In addition, the Japanese often incorporate seasonal produce in the meal. Not only does it tend to be slightly cheaper, they are fresher, tastier, and more nutritious than produce consumed out of season.
To encourage a more plant and seafood-based meal, the phrase ma-go-wa-ya-sa-shi-ii (まごわやさしい) has been in circulation for some time.
It’s an acronym for mame/beans (豆), goma/sesame (胡麻), wakame/seaweed (わかめ), yasai/vegetables (野菜), sakana/fish (魚), shiitake/mushrooms (しいたけ), and imo/potatoes (芋). This phrase also spells out “the grandchild is kind” phonetically.
Not only is this term catchy, but it’s also basically a call to return to the traditional Japanese meal and dietary intakes.
So what’s all the fuss about these foods?
- Beans: Also known as “meat of the fields,” beans are high in protein and a bang for your buck. The recommended daily intake is 100-130 g (3.5-4.5 oz) of tofu or 1 packet of natto.
- Sesame: Includes other nuts such as almond, chestnut, peanuts, and gingko nuts. Nuts are high in protein, minerals, and antioxidant properties.
- Seaweed: Seaweed such as wakame, hijiki, and nori are high in calcium.
- Vegetables: Vegetables, especially leafy greens and red and yellow vegetables are full of essential nutrients. The Japanese Ministry of Labor recommends a daily intake of 350 g (12.3 oz) and American CDC recommends 2-3 cups of vegetables a day.
- Fish: Oily fish such as sardines, mackerel, and anchovies are especially high in essential amino acids and omega-3 fatty acids. These are said to help reduce cholesterol levels.
- Mushrooms: Mushrooms are available year-round and easily incorporated into any dish. They are especially high in vitamin D, which helps regulate the amount of calcium and phosphate in the body.
- Potatoes: Starchy tubers such as potatoes, sweet potatoes, and yams are high in fiber, vitamin C and aid digestion.
Another reason why Japanese food is healthy is because of the cooking techniques. Most dishes are cooked to preserve their natural colors, flavor, and shapes. In addition, the dishes don’t require long cooking and thus the vitamins and minerals don’t seep out.
The most popular and traditional Japanese cooking technique is simmering vegetables or fish in liquid (usually dashi or some combination) called Niru (煮る). This cooking method penetrates the food slowly in low heat and helps incorporate the flavors while retaining shape.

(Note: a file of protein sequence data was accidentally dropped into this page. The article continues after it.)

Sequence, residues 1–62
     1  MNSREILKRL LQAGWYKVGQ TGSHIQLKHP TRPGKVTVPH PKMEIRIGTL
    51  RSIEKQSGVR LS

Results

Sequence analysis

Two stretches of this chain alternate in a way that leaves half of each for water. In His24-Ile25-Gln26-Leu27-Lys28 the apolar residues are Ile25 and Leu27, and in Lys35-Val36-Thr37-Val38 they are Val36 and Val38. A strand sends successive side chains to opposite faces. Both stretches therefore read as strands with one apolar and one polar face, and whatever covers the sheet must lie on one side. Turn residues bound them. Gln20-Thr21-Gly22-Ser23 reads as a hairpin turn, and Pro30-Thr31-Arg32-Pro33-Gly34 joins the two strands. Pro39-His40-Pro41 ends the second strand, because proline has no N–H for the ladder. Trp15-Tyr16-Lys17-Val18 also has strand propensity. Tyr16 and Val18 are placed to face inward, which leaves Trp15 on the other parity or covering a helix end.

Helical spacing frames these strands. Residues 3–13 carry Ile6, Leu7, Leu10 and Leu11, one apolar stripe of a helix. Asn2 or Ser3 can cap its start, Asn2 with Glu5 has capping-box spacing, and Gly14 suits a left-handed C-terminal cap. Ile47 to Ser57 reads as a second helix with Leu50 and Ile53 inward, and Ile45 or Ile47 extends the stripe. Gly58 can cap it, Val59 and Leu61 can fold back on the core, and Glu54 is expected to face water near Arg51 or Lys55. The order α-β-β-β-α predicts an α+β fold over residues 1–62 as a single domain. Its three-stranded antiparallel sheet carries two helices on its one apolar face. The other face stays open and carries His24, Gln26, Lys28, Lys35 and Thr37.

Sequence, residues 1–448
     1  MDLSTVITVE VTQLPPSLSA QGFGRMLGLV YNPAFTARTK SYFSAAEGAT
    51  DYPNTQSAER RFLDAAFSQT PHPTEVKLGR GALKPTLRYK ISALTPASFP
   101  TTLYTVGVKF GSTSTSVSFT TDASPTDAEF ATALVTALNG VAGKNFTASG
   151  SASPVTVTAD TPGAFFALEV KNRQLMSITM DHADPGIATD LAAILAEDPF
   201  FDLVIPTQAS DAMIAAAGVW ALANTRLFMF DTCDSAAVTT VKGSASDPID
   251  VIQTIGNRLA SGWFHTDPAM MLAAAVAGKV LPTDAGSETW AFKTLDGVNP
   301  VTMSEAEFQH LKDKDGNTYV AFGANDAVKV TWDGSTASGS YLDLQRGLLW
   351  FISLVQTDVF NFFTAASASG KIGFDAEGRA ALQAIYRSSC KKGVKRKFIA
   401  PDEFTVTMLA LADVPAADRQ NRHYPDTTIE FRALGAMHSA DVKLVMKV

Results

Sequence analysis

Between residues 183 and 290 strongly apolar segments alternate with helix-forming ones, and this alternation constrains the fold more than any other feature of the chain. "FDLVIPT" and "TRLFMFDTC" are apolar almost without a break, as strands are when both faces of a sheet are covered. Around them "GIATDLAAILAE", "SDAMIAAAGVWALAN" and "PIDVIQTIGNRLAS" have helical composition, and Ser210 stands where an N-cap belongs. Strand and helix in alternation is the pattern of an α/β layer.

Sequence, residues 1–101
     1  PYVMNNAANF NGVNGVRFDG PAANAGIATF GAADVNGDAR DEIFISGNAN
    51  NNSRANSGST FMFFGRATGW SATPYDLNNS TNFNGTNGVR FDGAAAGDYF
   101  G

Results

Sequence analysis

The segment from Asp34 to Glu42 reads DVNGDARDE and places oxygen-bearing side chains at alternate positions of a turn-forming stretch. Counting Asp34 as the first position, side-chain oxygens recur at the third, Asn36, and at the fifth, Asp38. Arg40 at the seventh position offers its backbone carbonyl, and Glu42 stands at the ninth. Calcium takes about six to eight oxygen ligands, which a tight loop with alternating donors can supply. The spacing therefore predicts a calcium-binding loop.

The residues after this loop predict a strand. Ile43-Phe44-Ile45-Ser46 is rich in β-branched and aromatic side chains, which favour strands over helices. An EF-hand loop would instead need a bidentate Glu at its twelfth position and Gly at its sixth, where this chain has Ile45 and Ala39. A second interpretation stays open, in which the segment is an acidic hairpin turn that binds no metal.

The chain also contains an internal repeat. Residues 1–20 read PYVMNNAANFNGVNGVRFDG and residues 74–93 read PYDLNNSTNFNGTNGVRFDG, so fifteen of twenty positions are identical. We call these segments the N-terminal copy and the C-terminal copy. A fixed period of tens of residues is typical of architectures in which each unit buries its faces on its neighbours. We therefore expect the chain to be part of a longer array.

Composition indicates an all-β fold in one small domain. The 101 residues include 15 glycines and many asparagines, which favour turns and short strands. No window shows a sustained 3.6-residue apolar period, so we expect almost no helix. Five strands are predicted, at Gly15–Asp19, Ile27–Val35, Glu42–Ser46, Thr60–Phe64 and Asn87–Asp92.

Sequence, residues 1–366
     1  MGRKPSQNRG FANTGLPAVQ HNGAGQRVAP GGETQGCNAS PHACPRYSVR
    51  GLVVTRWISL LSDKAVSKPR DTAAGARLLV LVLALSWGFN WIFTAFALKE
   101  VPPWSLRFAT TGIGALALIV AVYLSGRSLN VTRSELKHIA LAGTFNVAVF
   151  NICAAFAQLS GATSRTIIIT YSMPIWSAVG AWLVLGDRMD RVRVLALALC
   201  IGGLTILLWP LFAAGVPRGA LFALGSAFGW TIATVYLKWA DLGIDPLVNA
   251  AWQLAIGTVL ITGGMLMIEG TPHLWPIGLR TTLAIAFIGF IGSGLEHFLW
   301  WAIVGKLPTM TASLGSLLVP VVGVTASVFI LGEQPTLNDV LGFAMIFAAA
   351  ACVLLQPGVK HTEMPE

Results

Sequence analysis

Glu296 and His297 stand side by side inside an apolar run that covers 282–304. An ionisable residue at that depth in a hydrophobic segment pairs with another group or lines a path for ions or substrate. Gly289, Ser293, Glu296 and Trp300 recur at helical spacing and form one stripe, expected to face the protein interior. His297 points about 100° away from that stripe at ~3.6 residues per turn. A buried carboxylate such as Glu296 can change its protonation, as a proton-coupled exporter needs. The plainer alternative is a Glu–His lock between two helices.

While not eaten frequently, there are deep-fried dishes like tempura and karaage.
Read more about Japanese cooking techniques.
Shokuiku (食育) – “food education,” is a Japanese philosophy and a governmental policy to enable people to acquire knowledge on food to make proper choices. By encouraging healthy eating habits among individuals, it would in turn address diet and lifestyle-related diseases as well as enrich one’s quality of life. Enacted in 2005, the Shokuiku Basic Law is a public health program for all people.
Shokuiku is not a new concept; it was first promoted by Sagen Ishizuka (石塚 左玄; 1850-1909), a military doctor and pharmacist. Educated in both western and eastern medicine, he promoted a diet of foods rich in sodium and potassium. These minerals help the body to absorb and use other nutrients.
His method “Shokuyō” (食養 literally “food for health”) encouraged a diet of whole grains and to eat fewer animal products. He also pushed for the consumption of seasonal and locally grown produce, and to consume meals in moderation. He also echoed the eastern philosophy that food not only sustains life, but also underlies our health and happiness. Not surprisingly, Ishizuka is also known as the founder of the macrobiotic diet.